Late 2009 and the winter of 2010 were characterized by low temperatures and frequent rains in Chianti Classico; snow fell at the year’s end and continued to fall at intervals until mid-March. These climatic conditions favored the repose of the vines but, along with the usual early spring rains, led to a delayed bud break. April, May, and June were quite rainy and temperatures were below seasonal norms, provoking a delay in development in all grape varieties. Summer began with high temperatures in early July; this, together with dry weather, contributed to an excellent growth of the bunches and a recovery of ripening time. In late July and the first half of August temperatures were rather low and this, along with three rainstorms, once against slowed down ripening and growth. This climate in the growing season imposed a careful selection of the grapes on the vine to control production and assure a healthy crop. Picking begin towards the end of September, a month which alternated warm, sunny, and breezy days with occasional rain, fortunately followed by strong north winds which dried the grapes and vineyards; positive daily temperature swings assisted in achieving full ripeness and allowed picking to begin late in the month. Sangiovese was harvested into the first week of October, while the Cabernet Sauvignon picking started at the end of September and lasted until October 10. The health of the harvested grapes, their fine color and fragrance, and their pronounced varietal character indicated from the very beginning a potentially high level for the vintage. Total annual rainfall: 53.5 inches ( 134 centimeters) Average daily temperatures April 1 – October: 65° Fahrenheit (18.4 centigrade) Rainfall April 1-October 31: 26. 4 inches (66 centimeters)

The climate of the growing season forced a careful selection of the grapes both during picking and in the cellars as well. The crop was delicately destemmed and the berries rigorously chosen to preserve the typical varietal character of both the Sangiovese and the Cabernet. The must was fermented with gentle techniques to insure an extraction which was intense, but capable of safeguarding elegance and suppleness as well. The musts themselves were rich in color and endowed with an important structure. Fermentation lasted a week, and the wine then remained on its skins for an additional 9-10 days. After being run off its skins, the wine went immediately into oak barrels, principally French, where it went through a spontaneous malolactic fermentation by the end of the year. The various lots of wine, once racked, were then aged for a year in French and Hungarian oak barrels. The lots were regularly tasted and analyzed during aging to maximize the final quality level, blended, and the wine aged for an additional year in bottle.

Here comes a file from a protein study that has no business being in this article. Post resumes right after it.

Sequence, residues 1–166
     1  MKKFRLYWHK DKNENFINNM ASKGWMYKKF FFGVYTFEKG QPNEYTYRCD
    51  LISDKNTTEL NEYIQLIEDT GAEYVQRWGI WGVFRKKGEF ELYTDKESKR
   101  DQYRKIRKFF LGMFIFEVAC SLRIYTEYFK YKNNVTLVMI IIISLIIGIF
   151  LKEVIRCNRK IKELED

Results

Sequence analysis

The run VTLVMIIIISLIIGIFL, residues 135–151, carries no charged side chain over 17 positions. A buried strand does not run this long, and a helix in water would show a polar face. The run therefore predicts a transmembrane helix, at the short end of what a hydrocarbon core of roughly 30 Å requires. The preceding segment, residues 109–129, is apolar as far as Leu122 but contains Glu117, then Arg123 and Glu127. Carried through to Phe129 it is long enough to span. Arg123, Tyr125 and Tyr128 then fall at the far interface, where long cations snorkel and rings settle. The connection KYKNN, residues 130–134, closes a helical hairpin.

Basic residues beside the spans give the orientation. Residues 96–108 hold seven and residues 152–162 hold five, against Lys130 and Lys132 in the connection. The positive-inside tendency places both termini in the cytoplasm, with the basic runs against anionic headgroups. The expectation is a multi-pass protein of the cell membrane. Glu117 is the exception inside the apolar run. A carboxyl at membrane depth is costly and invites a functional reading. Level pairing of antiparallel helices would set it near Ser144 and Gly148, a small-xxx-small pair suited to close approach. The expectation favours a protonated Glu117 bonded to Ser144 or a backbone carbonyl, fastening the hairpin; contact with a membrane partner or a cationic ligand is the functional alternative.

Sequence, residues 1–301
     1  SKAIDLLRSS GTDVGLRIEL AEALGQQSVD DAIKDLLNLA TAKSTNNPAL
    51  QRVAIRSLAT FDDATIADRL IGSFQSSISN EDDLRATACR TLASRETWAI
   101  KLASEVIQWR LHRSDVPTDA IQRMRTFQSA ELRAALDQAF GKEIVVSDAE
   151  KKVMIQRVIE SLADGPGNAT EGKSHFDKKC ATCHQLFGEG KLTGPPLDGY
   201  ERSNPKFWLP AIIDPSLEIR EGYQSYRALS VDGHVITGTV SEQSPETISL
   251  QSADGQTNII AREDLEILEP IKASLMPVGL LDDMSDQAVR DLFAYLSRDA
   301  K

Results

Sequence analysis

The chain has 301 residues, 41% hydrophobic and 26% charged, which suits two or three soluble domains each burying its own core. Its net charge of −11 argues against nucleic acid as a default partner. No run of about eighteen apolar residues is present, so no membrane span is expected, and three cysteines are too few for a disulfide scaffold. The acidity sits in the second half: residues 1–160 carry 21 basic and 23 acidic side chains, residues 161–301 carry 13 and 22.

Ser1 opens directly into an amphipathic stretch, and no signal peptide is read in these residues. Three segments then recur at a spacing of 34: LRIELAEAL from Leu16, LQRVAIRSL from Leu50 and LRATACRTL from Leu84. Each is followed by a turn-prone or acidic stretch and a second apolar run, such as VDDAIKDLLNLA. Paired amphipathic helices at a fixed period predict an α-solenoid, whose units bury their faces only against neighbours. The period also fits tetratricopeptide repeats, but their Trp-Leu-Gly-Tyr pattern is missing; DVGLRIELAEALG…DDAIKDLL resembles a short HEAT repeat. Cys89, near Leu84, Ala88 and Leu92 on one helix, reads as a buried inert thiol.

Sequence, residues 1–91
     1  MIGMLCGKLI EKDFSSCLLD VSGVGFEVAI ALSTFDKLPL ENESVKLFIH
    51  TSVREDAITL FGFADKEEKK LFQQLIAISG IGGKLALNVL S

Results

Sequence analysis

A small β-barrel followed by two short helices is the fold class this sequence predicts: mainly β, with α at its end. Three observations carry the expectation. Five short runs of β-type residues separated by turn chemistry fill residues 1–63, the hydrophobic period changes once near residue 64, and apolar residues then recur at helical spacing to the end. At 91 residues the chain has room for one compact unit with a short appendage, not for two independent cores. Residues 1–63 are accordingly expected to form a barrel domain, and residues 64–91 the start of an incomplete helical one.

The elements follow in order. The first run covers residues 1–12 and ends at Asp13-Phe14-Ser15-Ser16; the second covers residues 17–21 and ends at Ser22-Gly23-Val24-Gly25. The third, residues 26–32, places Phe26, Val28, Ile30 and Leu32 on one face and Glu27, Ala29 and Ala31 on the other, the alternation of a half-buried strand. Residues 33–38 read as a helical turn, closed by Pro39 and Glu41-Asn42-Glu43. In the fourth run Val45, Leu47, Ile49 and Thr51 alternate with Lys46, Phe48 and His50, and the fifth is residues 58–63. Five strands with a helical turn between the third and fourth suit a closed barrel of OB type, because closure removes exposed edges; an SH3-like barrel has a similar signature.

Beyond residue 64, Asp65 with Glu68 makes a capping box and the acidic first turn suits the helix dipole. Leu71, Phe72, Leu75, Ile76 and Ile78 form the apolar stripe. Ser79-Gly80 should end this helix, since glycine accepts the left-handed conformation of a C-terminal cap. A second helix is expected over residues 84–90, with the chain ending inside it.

The Tignanello estate is located in the heart of the Chianti Classico production zone, nestled between the valleys of the Greve and Pesa rivers, and extends over close to 800 total acres (319 hectares), some 127 of which (415 hectares) are planted to vines. The vineyards consist principally of the native Sangiovese grape along with such non-traditional varieties as Cabernet Sauvignon and Cabernet Franc. The Marchese Antinori is an historic wine of the Antinori cellars which, since 2011, is produced from the grapes of the Tignanello estate. It is a wine which presents itself as the full expression of the quality and elegance of the Sangiovese of this part of Tuscany.

A brilliant ruby red with purple highlights, the wine shows aromas of violets and cherries along with marked and well amalgamated smoky notes of tobacco and sweet oak. On the palate the wine is ample, enveloping with an important vein of vibrant acidity typical of its territory and an important support on the flow. The tannins add length and persistence and a supple texture as well.

Tenuta Tignanello

Tenuta Tignanello

The Tenuta Tignanello estate is in the heart of Chianti Classico, in the gently rolling hillsides between the Greve and Pesa river valleys. It extends over an area of 319 hectares (788 acres), of which 127 (313 acres) are dedicated to vines. Two of the estate’s prized vineyards are on the same hillside, Tignanello and Solaia, on soils that originated from marine marlstone from the Pliocene period rich in limestone and schist.

Soil

Calcareous rocky soils with alberese (marl limestone) and marl.